Manila Times is the longest living broad
sheet name in the newspaper industry. Below are the red-letter dates in
Manila Times' decades of existence:
- October 10,
1898, a bulletin entitled Manila Times came out prior to the real paper
founded by Thomas Gowan. It was the first bulletin that carried press
cable in English that was received in the Philippines.
- October 11,
1898, the Gowan-published paper came out with a sheet of two leaves
and four pages measuring 12 by 8 inches. The publication carried the
motto: "Pioneer American daily in the Far East" and further
indicated: "Published everyday since 1898". At one point the
paper launched two issues, a noon and afternoon, but unfortunately it
was burned down in 1928.
- 1899, George
Sellner joined the Manila Times' staff as business manager and later
bought the paper from Gowan.
- 1902, Sellner
sold the paper to a group of American businessmen but reacquired it
- 1907, Sellner
sold the second time to Thomas C. Kinney, who then incorporated the
- 1917, Quezon
bought the paper but kept it only for 4 years then sold it to George
H. Fairchild in 1921.
- 1920, Hartendorp
was editor of the paper and during this time he encouraged Filipino
writers in English by publishing their works.
- 1926, Fairchild
sold Times to Jacob Rosenthal.
Don Alejandro Roces, Sr. acquired the Manila Times to operate with the
Tribune, which was established on April 1925.
- 1929, L.H. Thibault
bought Times for the TVT (Taliba - La Vanguardia - Tribune) chain of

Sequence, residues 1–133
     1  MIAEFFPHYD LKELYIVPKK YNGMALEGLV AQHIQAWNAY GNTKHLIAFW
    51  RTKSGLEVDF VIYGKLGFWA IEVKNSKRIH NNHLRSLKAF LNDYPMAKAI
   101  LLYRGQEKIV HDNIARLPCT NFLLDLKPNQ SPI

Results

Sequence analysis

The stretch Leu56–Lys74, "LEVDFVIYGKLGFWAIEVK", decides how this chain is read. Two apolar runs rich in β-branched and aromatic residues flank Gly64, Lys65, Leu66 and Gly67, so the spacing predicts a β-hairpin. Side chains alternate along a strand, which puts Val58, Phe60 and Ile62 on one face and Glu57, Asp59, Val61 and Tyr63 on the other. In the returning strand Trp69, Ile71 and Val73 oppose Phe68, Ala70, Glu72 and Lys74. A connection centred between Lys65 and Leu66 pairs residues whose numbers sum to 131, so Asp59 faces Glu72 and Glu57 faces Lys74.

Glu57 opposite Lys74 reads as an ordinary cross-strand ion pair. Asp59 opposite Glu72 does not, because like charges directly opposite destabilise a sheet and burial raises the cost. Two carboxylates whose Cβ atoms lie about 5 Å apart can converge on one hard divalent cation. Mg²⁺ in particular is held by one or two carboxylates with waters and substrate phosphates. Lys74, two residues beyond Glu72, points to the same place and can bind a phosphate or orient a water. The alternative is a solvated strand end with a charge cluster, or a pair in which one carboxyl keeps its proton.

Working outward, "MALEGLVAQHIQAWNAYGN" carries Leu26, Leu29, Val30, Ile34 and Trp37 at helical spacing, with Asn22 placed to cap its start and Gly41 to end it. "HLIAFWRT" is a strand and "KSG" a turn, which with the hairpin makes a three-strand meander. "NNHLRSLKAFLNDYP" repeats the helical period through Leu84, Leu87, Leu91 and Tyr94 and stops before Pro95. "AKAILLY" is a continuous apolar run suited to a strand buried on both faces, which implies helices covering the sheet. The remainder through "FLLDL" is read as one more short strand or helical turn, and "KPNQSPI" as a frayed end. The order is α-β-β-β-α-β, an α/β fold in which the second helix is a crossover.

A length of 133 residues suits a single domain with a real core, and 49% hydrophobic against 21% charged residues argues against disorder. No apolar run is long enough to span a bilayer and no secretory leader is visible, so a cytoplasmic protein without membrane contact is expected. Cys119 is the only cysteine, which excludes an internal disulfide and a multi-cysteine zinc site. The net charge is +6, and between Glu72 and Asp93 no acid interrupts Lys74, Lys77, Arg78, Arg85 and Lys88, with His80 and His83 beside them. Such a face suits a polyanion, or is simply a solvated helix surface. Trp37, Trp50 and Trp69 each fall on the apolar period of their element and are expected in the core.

- February 15,
1930, Thibault announced discontinue of the publication of Manila Times
on March 15, 1930. After 32 years of uninterrupted existence, Times
closed for the first epoch.
- 1945, TVT was
discarded to reincarnate Manila Times Publishing Company Incorporated
after 15 years of closure.
- May 27, 1945,
the first reincarnated issue of Manila Times came out as a weekly tabloid
carrying the name, The Sunday Times. Its launch was along with the rebirth
of Graphic magazine and Sunday Tribune, which featured Filipino stories
- September 5,
1945, the first daily issue of The Manila Times hit the newsstands.
Ramon resigned upon acquisition of the Times to concentrate on his comics
publication. His brother Joaquin "Chino" Roces became the
publisher. Also two other family members were involved in the publication,
these are couple Benito Prieto, who was chairman of the board and Antonia
Roces Prieto, who was director of the paper.
- September 21,
1972, the paper once again closed due to the declaration of Martial
Law. Sometime after, the great publisher Joaquin "Chino" Roces
was jailed for being an activist of press freedom.
- January 1986,
Ramon again revived Manila Times.
- February 5,
1986, post Martial Law Manila Times was launched with Joaquin "Titong"
Roces as editor. After some time when Titong became ambassador to Taiwan,
his brother Alejandro "Anding" took over his position.
- April 30, 1988,
Chino Roces left Manila Chronicle to rejoin Manila Times. However, five
months later Chino passed away and it was then sold to the Gokongweis.
- October 25,
1999, was a reacquisition for the Roceses. Progeny, Atty. Katrina Legarda
became publisher and editor-in-chief of the "New Manila Times".
Nevertheless, the paper was short lived and later on bought by a so-called
Estrada crony, Mark Jimenez, who up to present still run the paper.
- Sunday Times
was the reincarnated issue of the ManilaTimes, which came out May 27,
1945. The paper was a weekly in a tabloid format.